In a conventional atomic interferometer employing
Note: When clicking on a Digital Object Identifier (DOI) number, you will be taken to an external site maintained by the publisher.
Some full text articles may not yet be available without a charge during the embargo (administrative interval).
What is a DOI Number?
Some links on this page may take you to nonfederal websites. Their policies may differ from this site.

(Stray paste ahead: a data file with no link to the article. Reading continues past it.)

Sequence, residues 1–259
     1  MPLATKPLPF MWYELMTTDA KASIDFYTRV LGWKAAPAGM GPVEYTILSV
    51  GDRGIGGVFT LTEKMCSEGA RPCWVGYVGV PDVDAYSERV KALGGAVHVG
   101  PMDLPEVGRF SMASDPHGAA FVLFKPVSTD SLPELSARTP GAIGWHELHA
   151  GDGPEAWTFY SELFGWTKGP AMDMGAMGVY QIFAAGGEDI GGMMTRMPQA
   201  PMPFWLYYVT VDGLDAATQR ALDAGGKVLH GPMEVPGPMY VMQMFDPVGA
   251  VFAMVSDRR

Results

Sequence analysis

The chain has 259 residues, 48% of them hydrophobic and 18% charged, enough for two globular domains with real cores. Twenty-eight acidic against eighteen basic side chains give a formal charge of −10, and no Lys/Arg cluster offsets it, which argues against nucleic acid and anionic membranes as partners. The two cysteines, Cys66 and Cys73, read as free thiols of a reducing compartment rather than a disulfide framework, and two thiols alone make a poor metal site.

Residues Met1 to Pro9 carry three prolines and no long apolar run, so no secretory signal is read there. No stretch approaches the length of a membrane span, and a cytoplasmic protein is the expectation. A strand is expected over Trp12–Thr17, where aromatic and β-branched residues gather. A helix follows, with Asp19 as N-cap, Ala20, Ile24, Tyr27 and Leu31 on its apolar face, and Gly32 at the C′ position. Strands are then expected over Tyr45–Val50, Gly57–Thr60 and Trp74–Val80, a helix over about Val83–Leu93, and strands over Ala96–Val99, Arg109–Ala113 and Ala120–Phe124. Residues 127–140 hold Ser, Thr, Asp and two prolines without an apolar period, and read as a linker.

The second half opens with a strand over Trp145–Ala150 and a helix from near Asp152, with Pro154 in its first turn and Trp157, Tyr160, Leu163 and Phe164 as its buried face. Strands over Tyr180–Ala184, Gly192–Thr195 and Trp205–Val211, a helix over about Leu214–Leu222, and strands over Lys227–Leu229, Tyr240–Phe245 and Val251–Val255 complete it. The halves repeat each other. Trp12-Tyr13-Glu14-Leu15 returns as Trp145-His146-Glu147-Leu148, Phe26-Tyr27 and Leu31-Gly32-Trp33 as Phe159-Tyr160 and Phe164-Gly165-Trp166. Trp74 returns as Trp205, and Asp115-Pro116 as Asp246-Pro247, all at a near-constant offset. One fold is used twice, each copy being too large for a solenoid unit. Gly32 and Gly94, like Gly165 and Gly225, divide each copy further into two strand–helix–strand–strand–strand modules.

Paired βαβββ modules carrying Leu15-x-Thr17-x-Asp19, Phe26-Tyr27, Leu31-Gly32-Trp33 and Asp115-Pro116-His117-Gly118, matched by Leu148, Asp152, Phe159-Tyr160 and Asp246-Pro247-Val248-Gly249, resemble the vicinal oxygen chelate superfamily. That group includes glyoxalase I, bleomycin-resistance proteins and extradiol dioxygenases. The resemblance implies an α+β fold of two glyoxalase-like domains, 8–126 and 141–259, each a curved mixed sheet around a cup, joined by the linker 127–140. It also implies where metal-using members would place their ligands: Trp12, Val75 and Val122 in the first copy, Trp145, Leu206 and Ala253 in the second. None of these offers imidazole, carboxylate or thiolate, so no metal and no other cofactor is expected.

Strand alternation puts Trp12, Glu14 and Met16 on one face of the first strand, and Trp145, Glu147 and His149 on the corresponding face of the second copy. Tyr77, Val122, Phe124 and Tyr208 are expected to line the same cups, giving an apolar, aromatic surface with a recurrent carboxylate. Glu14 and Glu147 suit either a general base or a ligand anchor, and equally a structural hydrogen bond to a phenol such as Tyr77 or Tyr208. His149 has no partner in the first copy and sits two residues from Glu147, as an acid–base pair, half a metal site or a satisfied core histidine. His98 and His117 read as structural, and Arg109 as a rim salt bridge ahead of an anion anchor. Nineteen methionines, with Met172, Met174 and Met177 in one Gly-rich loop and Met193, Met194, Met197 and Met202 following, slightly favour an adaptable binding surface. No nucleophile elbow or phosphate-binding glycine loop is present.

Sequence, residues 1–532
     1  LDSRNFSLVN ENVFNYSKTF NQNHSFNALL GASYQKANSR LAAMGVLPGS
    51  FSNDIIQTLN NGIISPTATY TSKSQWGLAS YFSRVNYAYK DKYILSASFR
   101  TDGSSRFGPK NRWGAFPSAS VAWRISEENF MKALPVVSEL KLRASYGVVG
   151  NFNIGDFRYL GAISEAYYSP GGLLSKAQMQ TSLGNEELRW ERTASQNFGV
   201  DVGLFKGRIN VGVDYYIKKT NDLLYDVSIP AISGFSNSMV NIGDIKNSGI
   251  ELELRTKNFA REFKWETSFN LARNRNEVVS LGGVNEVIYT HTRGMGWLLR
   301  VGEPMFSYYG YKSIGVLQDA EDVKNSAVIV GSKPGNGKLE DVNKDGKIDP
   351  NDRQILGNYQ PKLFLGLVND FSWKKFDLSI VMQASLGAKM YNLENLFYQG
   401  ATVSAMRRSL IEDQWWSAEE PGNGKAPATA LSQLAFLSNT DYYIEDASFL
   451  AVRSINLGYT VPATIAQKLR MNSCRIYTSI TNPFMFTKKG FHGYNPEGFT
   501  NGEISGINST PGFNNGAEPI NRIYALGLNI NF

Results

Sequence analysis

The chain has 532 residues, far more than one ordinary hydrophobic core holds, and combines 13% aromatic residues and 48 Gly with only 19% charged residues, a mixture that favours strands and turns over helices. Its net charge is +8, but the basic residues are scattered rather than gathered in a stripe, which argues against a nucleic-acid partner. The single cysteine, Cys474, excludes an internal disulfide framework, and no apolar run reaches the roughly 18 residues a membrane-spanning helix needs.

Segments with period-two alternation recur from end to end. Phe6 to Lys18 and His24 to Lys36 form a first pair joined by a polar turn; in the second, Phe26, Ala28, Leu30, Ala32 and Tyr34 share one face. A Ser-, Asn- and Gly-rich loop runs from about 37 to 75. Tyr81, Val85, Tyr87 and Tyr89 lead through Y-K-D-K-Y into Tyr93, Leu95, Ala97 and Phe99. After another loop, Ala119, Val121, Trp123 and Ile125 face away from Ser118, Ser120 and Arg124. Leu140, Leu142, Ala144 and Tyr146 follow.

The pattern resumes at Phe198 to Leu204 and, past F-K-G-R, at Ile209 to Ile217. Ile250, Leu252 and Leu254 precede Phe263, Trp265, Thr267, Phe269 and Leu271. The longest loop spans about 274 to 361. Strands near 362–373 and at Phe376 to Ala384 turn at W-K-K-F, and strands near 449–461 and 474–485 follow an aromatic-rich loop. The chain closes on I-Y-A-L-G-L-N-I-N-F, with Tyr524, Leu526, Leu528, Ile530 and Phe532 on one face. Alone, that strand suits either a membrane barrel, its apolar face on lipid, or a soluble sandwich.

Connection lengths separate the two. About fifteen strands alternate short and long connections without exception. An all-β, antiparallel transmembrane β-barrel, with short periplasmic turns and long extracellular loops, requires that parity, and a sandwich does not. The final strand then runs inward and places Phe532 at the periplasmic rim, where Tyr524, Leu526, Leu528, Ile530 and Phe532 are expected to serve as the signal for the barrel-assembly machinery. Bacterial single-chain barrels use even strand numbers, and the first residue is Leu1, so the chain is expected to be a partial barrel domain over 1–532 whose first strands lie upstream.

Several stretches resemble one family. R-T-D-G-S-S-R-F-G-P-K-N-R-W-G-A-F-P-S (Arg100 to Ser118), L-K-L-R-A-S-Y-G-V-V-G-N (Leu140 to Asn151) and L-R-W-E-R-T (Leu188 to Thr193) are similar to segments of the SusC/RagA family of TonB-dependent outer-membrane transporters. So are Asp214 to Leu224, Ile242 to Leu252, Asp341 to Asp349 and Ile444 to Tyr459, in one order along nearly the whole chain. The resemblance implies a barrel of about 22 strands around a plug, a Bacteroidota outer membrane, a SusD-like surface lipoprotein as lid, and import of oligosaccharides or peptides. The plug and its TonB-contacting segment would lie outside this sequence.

$N$ atoms, the phase sensitivity is at the standard quantum limit:$1/\sqrt{N}$ . Under usual spin squeezing, the sensitivity is increased by lowering the quantum noise. It is also possible to increase the sensitivity by leaving the quantum noise unchanged while producing phase amplification. Here we show how to increase the sensitivity, to the Heisenberg limit of$1/N$ , while increasing the quantum noise by$\sqrt{N}$ and amplifying the phase by a factor of$N$ . Because of the enhancement of the quantum noise and the large phase magnification, the effect of excess noise is highly suppressed. The protocol uses a Schrödinger cat state representing a maximally entangled superposition of two collective states of$N$ atoms. The phase magnification occurs when we use either atomic state detection or collective state detection; however, the robustness against excess noise occurs only when atomic state detection is employed. We show that for one version of the protocol, the signal amplitude is$N$ when$N$ is even, and is vanishingly small when$N$ is odd, for both types of detection. We also show how the protocol can be modified to reverse the nature of the signal for odd versus even values of$N$ . Thus, formore »